Our Refugee Advisory Board

Refugee Co-Researchers

Empowered Aid engaged 29 South Sudanese and 26 Syrian women and girls as co-researchers. These women and girls, living as refugees in Uganda and Lebanon, decided to form a Refugee Advisory Group to oversee the implementation science phase, and provide feedback on how the SEA risk mitigation strategies they put forth were applied and tested in various aid distributions. In addition to continuing as advisors to Empowered Aid, many now hold roles as PSEA ambassadors and advocates in their communities.

“I was very comfortable, and I felt very strong because the team I was working with created a safe and trusting space to speak about the issues we have all repressed.”

- Syrian woman living in Lebanon as a refugee



Image of co-researchers located in Lebanon on a conference call
Lebanon: "Malak", Suzan Taktak, "Zeina", Amal Koussa, "Leila", Imane Ibrahim , "Jawaher", "Mona", "Nawal", Lama Sibaii

The exercises were very helpful. Through them, we tried to help ourselves and other women and girls in the community. We wanted our voices to reach all areas, all humanitarian organizations, and all distribution points.

- Syrian woman living in Lebanon as a refugee


The research team included 26 Syrian women and girls from the refugee community living in neighborhoods throughout Tripoli, Lebanon. Overall, eight were adolescent girls aged 16-17 years, eight were women aged between 18 – 34 years, and ten were between the ages of 35 – 52. Of the 22 who shared information on their background, half of the women were married (50%), seven were single and one widowed. Five (5) of the adolescent girls reported being single. All of the women who reported being married had children, including children under 18. Due to contextual sensitivity, single women and adolescent girls were not asked if they had children. The women and girls reported living in Lebanon an average of seven years (range of 5 to 10 years), and 12% (2 women and 1 girl) identified as having a disability.

I learnt how to be strong and self-sufficient. I felt like I became a new person after I took part in this project. Most importantly, I developed strength for my kids and a sense of self-entity.

- Syrian woman living in Lebanon as a refugee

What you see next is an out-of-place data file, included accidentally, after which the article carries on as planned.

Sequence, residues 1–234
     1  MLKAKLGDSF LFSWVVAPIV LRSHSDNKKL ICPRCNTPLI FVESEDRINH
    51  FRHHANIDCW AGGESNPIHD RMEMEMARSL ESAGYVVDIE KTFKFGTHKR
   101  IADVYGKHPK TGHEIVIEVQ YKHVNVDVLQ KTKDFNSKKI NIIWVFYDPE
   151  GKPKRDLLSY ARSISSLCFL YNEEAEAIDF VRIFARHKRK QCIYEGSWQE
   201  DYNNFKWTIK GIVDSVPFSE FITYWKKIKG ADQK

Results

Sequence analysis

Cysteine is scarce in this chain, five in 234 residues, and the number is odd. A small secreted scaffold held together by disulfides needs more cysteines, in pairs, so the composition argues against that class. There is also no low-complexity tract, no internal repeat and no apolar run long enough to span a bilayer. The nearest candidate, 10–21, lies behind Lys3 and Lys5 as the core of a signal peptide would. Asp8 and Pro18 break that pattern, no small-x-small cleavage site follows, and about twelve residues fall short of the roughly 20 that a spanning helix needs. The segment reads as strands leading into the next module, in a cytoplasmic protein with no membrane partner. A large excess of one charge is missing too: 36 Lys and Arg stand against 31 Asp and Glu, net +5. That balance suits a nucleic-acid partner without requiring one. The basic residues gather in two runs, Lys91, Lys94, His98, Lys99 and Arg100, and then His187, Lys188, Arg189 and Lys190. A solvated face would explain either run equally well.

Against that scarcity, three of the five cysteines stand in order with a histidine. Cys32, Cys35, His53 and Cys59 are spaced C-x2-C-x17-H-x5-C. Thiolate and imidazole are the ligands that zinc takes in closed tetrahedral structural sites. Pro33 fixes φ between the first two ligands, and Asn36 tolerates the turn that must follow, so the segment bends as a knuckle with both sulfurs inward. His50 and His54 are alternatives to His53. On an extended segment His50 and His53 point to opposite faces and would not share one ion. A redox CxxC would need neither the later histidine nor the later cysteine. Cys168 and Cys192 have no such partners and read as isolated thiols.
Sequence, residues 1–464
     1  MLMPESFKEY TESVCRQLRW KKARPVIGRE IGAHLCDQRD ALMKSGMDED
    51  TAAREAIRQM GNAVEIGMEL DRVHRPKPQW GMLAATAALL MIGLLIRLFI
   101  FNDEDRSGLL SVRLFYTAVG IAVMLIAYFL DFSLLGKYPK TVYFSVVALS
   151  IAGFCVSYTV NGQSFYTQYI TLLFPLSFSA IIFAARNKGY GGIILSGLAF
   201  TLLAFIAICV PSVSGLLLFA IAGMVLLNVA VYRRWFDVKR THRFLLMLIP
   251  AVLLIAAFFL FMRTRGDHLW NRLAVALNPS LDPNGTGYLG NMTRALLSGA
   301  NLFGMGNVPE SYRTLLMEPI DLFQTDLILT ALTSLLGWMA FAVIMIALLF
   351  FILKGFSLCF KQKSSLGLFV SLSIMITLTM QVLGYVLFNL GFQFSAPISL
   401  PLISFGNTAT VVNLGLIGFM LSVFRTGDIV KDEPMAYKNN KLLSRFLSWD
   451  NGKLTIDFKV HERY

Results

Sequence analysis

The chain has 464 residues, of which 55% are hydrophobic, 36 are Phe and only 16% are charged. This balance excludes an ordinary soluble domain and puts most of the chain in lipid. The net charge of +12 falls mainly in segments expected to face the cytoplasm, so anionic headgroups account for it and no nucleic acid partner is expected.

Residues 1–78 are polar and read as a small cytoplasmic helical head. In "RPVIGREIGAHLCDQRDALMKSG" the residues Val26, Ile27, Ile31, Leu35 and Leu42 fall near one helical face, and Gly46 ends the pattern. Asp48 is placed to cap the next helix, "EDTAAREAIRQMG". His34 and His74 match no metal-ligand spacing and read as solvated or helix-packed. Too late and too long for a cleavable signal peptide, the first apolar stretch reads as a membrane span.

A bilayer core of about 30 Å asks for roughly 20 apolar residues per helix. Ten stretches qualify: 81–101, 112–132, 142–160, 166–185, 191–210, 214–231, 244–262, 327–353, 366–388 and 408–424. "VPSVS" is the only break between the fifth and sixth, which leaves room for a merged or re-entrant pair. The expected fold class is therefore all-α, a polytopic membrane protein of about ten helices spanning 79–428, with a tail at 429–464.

Image of South Sudanese refugee co-researchers located in Uganda on a conference call
Uganda: Harriet Opani, Mary Kiden, Sitima, Karaba Peter, Julia, Hellen Manano, Harriet Tabu, Dauphine, Mary C, Janet, Laura Cinthy, Mirabel, Emmy Baraza, Lady Aminah, Rose Monday, Grace Kiden, Esther Namadi, Grace Awate, Margret Kiden, Angaika Poni

“I feel happy that I can represent voices of other girls”

- South Sudanese adolescent girl living in Uganda as a refugee


The research team included 29 South Sudanese women and girls from the refugee community living in Bidi Bidi and Imvepi refugee settlements. Overall, seven were aged 15-17 years, eighteen between 18-39 years, 3 and four were aged 41-62 years. Of the 25 who responded to questions about their background, a little over half (52%) were married, including one girl under 18. Nine were single, two widowed and one separated. All had lived in Uganda between 2 to 4 years. Four participants (16%) reported having a disability (2 women and 2 girls). Household size ranged from 2-19 people. Fifteen of 23 participants (65%) who responded to the question reported having children, including one of the participants under 18 years of age. About half of those children were under the age of 18, and five respondents had five or more children.

I experienced a lot during that Participatory Action Research Workshop. At first I didn't know that women have to have power like men. But from that workshop I came to realize that women also have the power.

- South Sudanese woman living in Uganda as a refugee


Watch the women and girls speak about their experiences of being a part of Empowered Aid and learn more about their perspective!

“Before the training…I used to be so shameful, so fearful to stand in the community to talk to people. but [after Empowered Aid trainings] I am now a leader. I can now face and  solve issues that have got women and girls, even during food distribution.”

- South Sudanese adolescent girl living in Uganda as a refugee